Writer: Gene Luen Yang
Artists: Ivan Reis and Danny Miki
Color Artist: Sabine Rich
Letterer: Saida Temofonte
Review by Bryant Lucas
DC’s A-list duo find themselves in an A-list blockbuster film, as the World’s Finest Team faces off against a new villain, in this week’s Batman/Superman #17.
After last month’s utterly baffling (yet wonderfully brilliant) Batman/Superman #16, this week’s issue answers a lot of questions. The story opens on Earth-0, with Batman and Superman punching their way into a satellite that’s been taken over by an android calling himself Auteru.10. Apparently, this satellite has become the “archive of worlds” and Auteru.10 rules over various different realities that exist in the form of film strips.
Meanwhile, Superman from “The World of Tomorrow” and Batman from “The World of the Knight” meet each other for the first time. Last issue, a hole was burnt open allowing Superman and Lois to move from their own cinematic world to Batman’s. Needless to say, there’s much confusion when Batman recognizes Lois as his world’s Spider Lady. Shenanigans ensue.
The DC Cinematic Multiverse
Gene Luen Yang once again delivers an excellent script, full of clever meta-humor. I’m specifically thinking about his villain, Auteru.10. In many ways, it feels like Yang is poking fun at toxic fandom – more specifically, fans who weaponize their personal tastes by denigrating anyone who disagrees with them. You know who I’m talking about – the dude (usually a middle-aged white guy) who starts stupid fights on social media over the most asinine aspects of superhero films, that usually end up with expletives and insults galore. This robo-film-junkie resembles toxic fandom’s obsessive nature, as he’s determined to do the impossible: create the perfect movie.
Anyway, the meta-framework for this story arc works really well, as the connection between the two mediums couldn’t be more obvious. While there are some very basics connections, like the fact that both comics and film are visual mediums, Yang pushes his metaphor further as his story unfolds.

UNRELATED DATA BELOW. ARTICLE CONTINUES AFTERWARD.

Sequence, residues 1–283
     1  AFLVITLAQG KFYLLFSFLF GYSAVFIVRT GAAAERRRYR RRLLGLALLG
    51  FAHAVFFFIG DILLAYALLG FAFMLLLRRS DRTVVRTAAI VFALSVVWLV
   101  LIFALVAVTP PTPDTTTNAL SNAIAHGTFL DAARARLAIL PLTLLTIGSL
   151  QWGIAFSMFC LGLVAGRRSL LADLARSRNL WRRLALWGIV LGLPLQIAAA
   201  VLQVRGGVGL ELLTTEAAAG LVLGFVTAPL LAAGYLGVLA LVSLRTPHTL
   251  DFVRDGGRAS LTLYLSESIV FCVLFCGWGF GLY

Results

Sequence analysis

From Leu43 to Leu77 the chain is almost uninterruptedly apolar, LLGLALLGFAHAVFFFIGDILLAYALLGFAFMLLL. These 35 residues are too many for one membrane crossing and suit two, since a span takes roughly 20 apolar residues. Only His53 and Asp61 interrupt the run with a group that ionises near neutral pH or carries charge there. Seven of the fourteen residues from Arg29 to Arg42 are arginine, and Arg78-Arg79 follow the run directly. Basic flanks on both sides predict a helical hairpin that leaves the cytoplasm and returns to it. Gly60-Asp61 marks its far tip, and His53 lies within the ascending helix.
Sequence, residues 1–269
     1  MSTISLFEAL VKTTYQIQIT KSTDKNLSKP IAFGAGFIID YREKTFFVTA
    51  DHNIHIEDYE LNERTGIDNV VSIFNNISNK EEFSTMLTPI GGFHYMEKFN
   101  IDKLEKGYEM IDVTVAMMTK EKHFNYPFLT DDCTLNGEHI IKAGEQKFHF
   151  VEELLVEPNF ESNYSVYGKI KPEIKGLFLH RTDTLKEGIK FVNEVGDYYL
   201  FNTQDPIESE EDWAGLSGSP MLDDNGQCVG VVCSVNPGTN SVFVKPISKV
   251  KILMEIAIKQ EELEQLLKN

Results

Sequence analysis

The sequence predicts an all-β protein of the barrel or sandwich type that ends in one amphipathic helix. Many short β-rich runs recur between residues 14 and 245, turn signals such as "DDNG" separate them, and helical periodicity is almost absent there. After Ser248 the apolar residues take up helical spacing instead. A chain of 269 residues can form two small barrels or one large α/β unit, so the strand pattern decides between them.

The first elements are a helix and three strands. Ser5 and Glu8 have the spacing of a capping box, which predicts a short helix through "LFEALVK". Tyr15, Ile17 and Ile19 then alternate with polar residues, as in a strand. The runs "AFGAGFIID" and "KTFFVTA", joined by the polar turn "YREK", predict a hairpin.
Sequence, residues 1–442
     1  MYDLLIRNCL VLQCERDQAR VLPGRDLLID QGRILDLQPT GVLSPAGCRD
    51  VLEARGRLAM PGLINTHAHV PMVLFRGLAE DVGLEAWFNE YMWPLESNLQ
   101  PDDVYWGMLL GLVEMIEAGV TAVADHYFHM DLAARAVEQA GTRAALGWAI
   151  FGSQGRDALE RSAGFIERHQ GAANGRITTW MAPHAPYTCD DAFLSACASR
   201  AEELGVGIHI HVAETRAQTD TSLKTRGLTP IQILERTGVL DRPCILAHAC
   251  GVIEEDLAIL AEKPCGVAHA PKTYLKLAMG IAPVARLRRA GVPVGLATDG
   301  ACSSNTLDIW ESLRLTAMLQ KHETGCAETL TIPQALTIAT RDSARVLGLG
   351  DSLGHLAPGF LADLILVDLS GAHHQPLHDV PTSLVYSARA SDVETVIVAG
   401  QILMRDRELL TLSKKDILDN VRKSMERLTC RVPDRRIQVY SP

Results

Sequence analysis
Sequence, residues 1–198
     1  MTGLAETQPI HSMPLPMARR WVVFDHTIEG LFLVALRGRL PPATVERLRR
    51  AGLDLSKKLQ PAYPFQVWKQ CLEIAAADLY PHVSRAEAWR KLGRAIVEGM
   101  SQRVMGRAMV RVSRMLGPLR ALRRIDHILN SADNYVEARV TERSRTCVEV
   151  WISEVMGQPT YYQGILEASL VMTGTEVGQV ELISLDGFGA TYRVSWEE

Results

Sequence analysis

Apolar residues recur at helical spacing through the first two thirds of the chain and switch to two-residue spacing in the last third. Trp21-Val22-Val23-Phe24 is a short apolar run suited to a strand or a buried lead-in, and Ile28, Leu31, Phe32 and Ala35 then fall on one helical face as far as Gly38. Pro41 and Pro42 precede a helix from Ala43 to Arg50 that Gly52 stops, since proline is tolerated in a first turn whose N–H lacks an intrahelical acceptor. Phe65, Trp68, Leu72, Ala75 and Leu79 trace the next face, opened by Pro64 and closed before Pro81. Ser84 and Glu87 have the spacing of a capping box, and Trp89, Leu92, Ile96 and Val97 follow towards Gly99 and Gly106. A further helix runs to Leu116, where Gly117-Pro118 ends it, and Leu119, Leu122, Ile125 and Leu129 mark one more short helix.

For many years superhero films were siloed into their own franchises – just like Batman/Superman #16. However, when Iron Man hit the screen, superhero movies all of a sudden began to emulate their source material, establishing a shared universe on the silver screen. Again, Yang plays with this idea when he has these cinematic versions of Batman and Superman meet for the first time. Things get even more bananas when the writer introduces “the archive of worlds” concept: a DC Cinematic Multiverse that exists inside Earth-0. The concept is so simple it’s absolutely genius.
A Movie on Paper
Unsurprisingly, Ivan Reis and Danny Miki’s art is fantastic. What’s particularly impressive about Reis’ work is that he has a great grasp of what Yang is trying to accomplish in his script. Reis leans into the film aesthetic, wrapping his panels in a trim that emulates film. Moreover, he even visually gets the meta-concepts that Yang introduces. At one point, the cinematic Superman starts becoming self-aware, realizing that there is something unusual about his reality. So he uses his heat vision to burn a hole into his reality’s film, creating a portal to Earth-0. This scene really drives home Yang’s Cinematic Multiverse concept, as he uses a visual vocabulary that merges form and content.
Batman/Superman #17 is spectacular. Yang’s script is playful and clever. Reis’s pencils are sharp and intentional. This is one of those books that perfectly captures the pop-cultural zeitgeist, as superheroes have pretty much dominated the box office for more than a decade. If this arc continues at this level of quality, “World’s Collide” might just be a masterpiece.
Final Verdict: I’m running out of superlatives to describe this story.
Images Courtesy of DC Entertainment